On March 25, 1999, Dr. Callahan released the employee to return to work with no restrictions regarding the left foot. His work slip stated APt is now being treated elsewhere for back problems - foot is OK to return to work.@ (Er. Ex. 1.) On the basis of Dr. Callahan=s work release, the employer and insurer filed a notice of intention to discontinue temporary total disability benefits as of March 25, 1999, alleging that the employee=s current disability was not causally related to his December 30, 1998 work injury, and that the employee had been released to work by Dr. Callahan.
The employee continued to treat with Dr. Salib for his low back condition. On April 7, 1999, Dr. Salib indicated that the employee=s right leg and buttock symptoms were unrelated to the employee=s December 30, 1998, work injury. However, Dr. Salib commented on the potential causal relationship in his April 7, 1999 chart note. He stated:
There is some disagreement as to whether or not this is a work-related injury. As I explained to the patient, the symptoms began after he had broken his toe and he was limping on the foot. There was no injury and the condition that he has is not related to trauma. It is spinal stenosis which is related to arthritic changes.
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My feeling is that if the limping caused the symptoms to begin, the symptoms should have resolved when he stopped limping. It is very difficult to say that this is really a work-related problem although there is no question but that the symptoms began following his work injury and because he was limping.
(Er. Ex. 1.) In a letter dated May 10, 1999, Dr. Salib stated that he believed the employee=s ongoing symptoms were related to his spinal stenosis and not to his work injury.
Following an administrative conference held on May 10, 1999, before a compensation judge, the judge issued an order on discontinuance on May 24, 1999, granting the employer and insurer=s request to discontinue benefits. The employer and insurer discontinued benefits on the basis that the employee=s ongoing disability was due to a non work-related low back condition. The compensation judge concluded that there was insufficient medical support for the employee=s argument that he injured his low back on December 30, 1998. The employer and insurer ultimately paid temporary total disability benefits through May 10, 1999.
The employee was referred to Dr. Kirkham Wood, Orthopaedic Surgery Clinic, Fairview-University Medical Center, apparently for an opinion concerning surgery. Dr. Wood first examined the employee on June 23, 1999. The employee reported to Dr. Wood that at the time he injured his left foot on December 30, 1998, he also was knocked backwards and landed on his buttocks. Dr. Wood concluded, concerning the employee=s spinal condition, that Athere is not a whole lot that we see that can be necessarily tied to any on the job injury other than the patient=s subjective complaint.@ Dr. Wood also concluded that the employee was not a surgical candidate. (Er. Ex. 1.)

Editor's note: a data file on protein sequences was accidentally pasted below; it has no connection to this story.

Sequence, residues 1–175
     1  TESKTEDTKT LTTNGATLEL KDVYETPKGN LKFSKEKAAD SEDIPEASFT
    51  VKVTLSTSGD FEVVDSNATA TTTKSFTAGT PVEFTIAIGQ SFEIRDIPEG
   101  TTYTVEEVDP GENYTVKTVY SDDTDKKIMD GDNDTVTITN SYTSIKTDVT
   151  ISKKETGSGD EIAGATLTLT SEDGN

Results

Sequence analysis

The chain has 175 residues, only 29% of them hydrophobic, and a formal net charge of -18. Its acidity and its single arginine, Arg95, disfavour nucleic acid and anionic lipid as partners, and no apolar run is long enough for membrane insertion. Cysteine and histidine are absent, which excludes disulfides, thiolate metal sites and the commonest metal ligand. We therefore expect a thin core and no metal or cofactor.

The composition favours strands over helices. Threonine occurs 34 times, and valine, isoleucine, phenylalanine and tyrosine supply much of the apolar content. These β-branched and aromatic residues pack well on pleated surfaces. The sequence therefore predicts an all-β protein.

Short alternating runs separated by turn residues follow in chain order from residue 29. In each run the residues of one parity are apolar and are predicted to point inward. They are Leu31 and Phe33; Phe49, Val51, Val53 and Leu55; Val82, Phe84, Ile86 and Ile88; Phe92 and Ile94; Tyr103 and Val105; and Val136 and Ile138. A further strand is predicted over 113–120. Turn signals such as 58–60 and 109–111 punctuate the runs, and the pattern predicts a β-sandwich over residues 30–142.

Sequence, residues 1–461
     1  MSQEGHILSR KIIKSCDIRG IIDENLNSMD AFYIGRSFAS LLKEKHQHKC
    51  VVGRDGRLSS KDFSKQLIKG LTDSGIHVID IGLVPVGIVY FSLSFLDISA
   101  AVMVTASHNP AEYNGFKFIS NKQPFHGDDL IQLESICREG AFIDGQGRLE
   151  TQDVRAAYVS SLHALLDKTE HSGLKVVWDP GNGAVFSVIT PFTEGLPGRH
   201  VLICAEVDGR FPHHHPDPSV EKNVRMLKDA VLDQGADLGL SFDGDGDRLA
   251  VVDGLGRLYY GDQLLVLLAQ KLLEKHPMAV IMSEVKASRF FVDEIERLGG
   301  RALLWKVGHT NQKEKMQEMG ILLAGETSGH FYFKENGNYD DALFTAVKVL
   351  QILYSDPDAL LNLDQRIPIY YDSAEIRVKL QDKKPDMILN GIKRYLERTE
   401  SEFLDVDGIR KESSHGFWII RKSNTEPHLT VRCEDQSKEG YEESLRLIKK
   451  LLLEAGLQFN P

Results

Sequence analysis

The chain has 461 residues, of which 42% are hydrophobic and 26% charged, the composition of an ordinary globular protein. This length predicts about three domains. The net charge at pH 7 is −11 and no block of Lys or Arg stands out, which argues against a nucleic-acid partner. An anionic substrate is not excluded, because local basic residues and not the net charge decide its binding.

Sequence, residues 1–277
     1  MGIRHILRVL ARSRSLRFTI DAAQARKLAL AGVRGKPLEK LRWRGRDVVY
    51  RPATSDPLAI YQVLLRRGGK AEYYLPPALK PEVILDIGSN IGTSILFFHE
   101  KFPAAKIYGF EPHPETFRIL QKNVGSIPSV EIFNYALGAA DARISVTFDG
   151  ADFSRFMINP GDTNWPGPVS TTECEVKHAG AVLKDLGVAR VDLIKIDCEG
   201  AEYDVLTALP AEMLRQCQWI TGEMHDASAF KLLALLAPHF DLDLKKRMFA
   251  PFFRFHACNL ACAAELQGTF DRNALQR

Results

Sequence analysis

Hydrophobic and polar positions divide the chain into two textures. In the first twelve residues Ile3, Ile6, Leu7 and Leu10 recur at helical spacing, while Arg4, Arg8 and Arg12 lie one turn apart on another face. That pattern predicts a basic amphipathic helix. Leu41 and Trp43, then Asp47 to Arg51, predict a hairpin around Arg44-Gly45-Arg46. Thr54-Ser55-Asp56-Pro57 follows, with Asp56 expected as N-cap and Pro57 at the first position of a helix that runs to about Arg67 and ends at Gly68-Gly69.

On September 10, 1999, the employee was examined by Dr. Robert Wengler at the employee=s request. Dr. Wengler concluded that the employee=s low back and right leg pain was caused by the employee=s fall or by altered gait mechanics created by the fracture of the left foot. Dr. Wengler imposed restrictions allowing light work and a ten-pound lifting restriction.
On September 29, 1999, the employee filed an objection to discontinuance, claiming ongoing entitlement to temporary total disability benefits. On February 23, 2000, the employee was examined by Dr. Gary Wyard at the request of the employer and insurer. Dr. Wyard noted that the employee=s February 10, 1999, MRI indicated significant degenerative changes at multiple levels. Dr. Wyard concluded that the employee had not sustained a work-related injury to his low back as a direct result of the incident nor as a consequential result of an altered gait after the incident, and that the employee had reached maximum medical improvement regarding from his left foot injury as of February 1999. On March 7, 2000, the employer and insurer served Dr. Wyard=s report on the employee as notice of maximum medical improvement.
In a letter dated June 5, 2000, Dr. Salib indicated that he was informed, for the first time, that the employee had fallen backwards and landed on his buttocks during the December 1998 incident. Based on that new information and his review of updated medical records, and also based on an aggravation caused by the employee=s altered gait relative to his broken toe, Dr. Salib concluded that the employee=s back condition was causally related to the employee=s work injury. He concluded that the employee=s symptoms were due to an aggravation of his underlying degenerative process at the L4-5 level.
Dr. Wood reexamined the employee on June 14, 2000; the employee reported continued right-sided back pain. Dr. Wood and the employee discussed the possibility of surgery, but Dr. Wood suggested additional epidural steroid injections as an alternative to surgery because Awithout some stronger evidence as to the efficacy of the steroids in a tight canal it is difficult to recommend a surgical decompression based on partial possibility of a surgical success.@ (Er. Ex. 1.) In a letter dated August 23, 2000, Dr. Wood concluded that the employee=s low back condition was not related to his 1998 work injury, stating that